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26-29 May 2015
Fürstenberghaus
Europe/Berlin timezone
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23-03 - Openness and IT

Place

Location: Fürstenberghaus
Address: Domplatz 20-22 48143 Münster Germany
Room: F33
Date: 28 May 13:30 - 15:30

Description

Over the past decade, IT-enabled “openness” has received an increasing amount of attention from IS researchers, including multiple workshops, conferences and journal special issues devoted to a variety of open phenomenon such as open source software, open content and open innovation. In the IS context, openness typically refers to technological and legal accessibility of IT artefacts, transparent and permeable organizational structures, and distributed collaborative processes based on knowledge sharing between peers. Such technological, structural and procedural openness has significant social and business implications. For example, individual users actively participate in the creation of global knowledge goods (e.g., Wikipedia or Linux). A new generation of “open” entrepreneurs can be seen to leverage the power of crowds in the design and delivery of products and services and in the funding of their business ventures. For established businesses, openness has changed approaches to business model architectures and innovation, both through “internal openness” (e.g., inner source software, internal co-creation platforms and enterprise social software) and “external openness” (e.g., open innovation markets, open sourcing, and crowdsourcing), and more often through combinations of internal and external strategies. Likewise, open technologies are central to new intra- and inter-organizational forms of value creation, supporting “ecosystems” of in(ter)dependent actors (e.g., the ecosystem around Google’s Android OS, or Facebook’s app platform). What is more, openness shifts power structures by relatively devaluing physical production facilities (which can now often been booked as on-demand services) and emphasizing the value of information, and IT-enabled business models. As a consequence, openness is a disruptive force not only in digital content industries such as music and news, but also in sectors such as manufacturing and financial services. Increasingly, the academic sector and the research community itself face new challenges (and opportunities) emerging from the combination of openness and IT. We believe that IS, as a discipline, is particularly well positioned to study open phenomena that involve technology, individuals, organizations and societies. The aim of the third consecutive ECIS track on Openness and IT is to provide a forum for the most recent work in this growing and important IS research domain. We invite theoretical, empirical and applied research papers that will significantly contribute to our theoretical and practical understanding of openness; its manifestations, antecedents and, most critically, its impacts on individuals, organizations and society.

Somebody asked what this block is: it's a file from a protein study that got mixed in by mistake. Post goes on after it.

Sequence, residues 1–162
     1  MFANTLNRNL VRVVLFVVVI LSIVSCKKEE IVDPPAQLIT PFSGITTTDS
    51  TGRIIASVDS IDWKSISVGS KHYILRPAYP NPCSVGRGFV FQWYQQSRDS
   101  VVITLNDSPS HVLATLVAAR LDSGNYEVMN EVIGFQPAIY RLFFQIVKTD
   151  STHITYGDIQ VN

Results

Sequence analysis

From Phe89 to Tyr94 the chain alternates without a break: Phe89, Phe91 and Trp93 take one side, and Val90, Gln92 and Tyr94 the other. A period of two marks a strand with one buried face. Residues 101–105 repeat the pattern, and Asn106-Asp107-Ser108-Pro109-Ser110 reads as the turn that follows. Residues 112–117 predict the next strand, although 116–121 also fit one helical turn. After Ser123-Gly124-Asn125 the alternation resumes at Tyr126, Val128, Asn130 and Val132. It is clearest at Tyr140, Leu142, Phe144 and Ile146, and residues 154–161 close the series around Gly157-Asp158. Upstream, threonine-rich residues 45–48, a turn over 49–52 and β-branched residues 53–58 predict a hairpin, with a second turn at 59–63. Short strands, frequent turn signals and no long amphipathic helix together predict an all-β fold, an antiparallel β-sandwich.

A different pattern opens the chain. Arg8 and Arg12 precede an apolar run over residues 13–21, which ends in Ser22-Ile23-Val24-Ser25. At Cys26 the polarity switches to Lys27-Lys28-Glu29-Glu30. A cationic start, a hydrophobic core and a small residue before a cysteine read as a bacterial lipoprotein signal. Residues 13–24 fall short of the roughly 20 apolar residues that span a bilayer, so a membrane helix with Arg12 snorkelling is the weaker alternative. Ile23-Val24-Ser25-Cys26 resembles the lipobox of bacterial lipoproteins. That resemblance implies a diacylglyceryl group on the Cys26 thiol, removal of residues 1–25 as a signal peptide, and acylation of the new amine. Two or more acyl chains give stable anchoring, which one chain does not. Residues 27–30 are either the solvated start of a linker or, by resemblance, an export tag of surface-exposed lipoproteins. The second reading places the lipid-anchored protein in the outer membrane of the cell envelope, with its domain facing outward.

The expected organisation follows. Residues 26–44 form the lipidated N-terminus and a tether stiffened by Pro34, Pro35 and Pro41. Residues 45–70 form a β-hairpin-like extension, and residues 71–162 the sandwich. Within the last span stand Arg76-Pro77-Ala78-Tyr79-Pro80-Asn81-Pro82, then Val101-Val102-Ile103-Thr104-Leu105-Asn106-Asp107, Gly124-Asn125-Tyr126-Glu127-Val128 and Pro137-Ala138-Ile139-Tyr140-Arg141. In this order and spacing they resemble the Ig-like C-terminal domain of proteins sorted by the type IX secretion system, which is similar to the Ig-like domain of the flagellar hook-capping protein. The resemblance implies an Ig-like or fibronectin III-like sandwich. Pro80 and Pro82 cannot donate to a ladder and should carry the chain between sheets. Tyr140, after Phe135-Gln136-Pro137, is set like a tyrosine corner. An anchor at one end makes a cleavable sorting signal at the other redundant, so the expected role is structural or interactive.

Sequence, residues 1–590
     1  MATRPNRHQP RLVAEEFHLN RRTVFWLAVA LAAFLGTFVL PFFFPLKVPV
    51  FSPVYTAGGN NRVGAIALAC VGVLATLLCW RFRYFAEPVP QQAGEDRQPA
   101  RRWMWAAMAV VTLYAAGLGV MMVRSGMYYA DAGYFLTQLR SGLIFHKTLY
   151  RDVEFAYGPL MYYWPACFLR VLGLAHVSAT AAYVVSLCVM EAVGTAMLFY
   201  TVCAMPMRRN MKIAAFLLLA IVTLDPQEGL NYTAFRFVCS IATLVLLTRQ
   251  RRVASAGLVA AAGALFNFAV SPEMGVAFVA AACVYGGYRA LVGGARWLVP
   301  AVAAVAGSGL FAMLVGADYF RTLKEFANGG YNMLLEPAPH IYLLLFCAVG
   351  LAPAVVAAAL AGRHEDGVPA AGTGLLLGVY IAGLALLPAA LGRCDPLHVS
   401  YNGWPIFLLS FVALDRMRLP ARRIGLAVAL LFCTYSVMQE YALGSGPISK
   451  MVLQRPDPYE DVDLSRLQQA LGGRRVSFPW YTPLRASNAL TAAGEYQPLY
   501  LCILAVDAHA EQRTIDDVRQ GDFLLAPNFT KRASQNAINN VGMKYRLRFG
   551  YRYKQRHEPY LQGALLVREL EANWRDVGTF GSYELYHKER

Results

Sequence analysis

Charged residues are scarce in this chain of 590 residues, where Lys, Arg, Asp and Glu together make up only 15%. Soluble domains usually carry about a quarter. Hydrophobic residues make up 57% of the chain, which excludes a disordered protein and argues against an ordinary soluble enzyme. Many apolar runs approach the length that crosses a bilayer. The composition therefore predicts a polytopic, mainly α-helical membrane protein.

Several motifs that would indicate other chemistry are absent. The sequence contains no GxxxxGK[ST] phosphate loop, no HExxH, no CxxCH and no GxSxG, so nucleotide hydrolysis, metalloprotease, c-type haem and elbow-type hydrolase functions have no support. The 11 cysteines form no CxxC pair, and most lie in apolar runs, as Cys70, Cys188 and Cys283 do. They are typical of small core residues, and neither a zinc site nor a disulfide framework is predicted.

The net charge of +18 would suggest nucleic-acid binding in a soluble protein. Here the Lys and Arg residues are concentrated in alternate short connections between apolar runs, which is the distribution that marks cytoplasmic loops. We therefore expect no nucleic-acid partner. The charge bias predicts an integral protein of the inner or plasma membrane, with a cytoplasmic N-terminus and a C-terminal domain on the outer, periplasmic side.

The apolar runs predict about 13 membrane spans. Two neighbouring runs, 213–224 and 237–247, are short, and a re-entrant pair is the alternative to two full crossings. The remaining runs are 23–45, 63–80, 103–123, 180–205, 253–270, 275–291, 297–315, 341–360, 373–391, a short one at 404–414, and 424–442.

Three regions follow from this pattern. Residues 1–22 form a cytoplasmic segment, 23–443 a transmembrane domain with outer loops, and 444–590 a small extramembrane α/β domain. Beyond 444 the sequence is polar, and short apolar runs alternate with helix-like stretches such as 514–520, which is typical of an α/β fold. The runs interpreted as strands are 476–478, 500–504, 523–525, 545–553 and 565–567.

Conveners

  • Session 3
    • Schlagwein, Daniel (UNSW Australia)

Timetable | Contribution List

Displaying 4 contributions out of 4
Type: Complete Research Paper Session: 23-03 - Openness and IT
Track: 23 - Openness and IT
The advent of Bitcoin in 2009 has not only introduced Cryptocurrencies and lead to a new digitization movement in the financial, especially payments industry but also made way for a new breed of innova-tive technologies based on decentralized digital currencies. Generally, decentralized consensus sys-tems could change the very nature of how companies, organizations and individuals are built and in ... More
Presented by Florian GLASER on 28/5/2015 at 12:00
Type: Complete Research Paper Session: 23-03 - Openness and IT
Track: 23 - Openness and IT
Crowdfunding platforms offer promising opportunities for project founders to publish their project ideas and to collect money in order to be able to realize them. Consequently, the question of what influences the successful funding of projects, i.e., reaching the target amount of money, is very important. Building upon media richness theory and the concept of reciprocity, we extend previous resear ... More
Presented by Jascha-Alexander KOCH on 28/5/2015 at 11:30
Type: Complete Research Paper Session: 23-03 - Openness and IT
Track: 23 - Openness and IT
In the future, if businesses want to innovate, IT will have to play a substantial role. Furthermore, innovating with IT will most likely imply opening up the innovation channel and collaborating with various kinds of external partners, as digital platforms and eco-systems involving various actors arise. According to prior research, emphasizing external innovation collaboration bears the risk of in ... More
Presented by Andre HANELT on 28/5/2015 at 15:00
Type: Complete Research Paper Session: 23-03 - Openness and IT
Track: 23 - Openness and IT
PowerPoint continues to permeate the presentation genre in general and business communication in particular. Whereas PowerPoint’s role in organizational practices has caught increasing research interest, research on PowerPoint in digital innovation is still scarce. This study provides comprehensive insights into PowerPoint use and misuse through an ethnographically informed field study of employ ... More
Presented by Raffaele CIRIELLO, Alexander RICHTER on 28/5/2015 at 12:30
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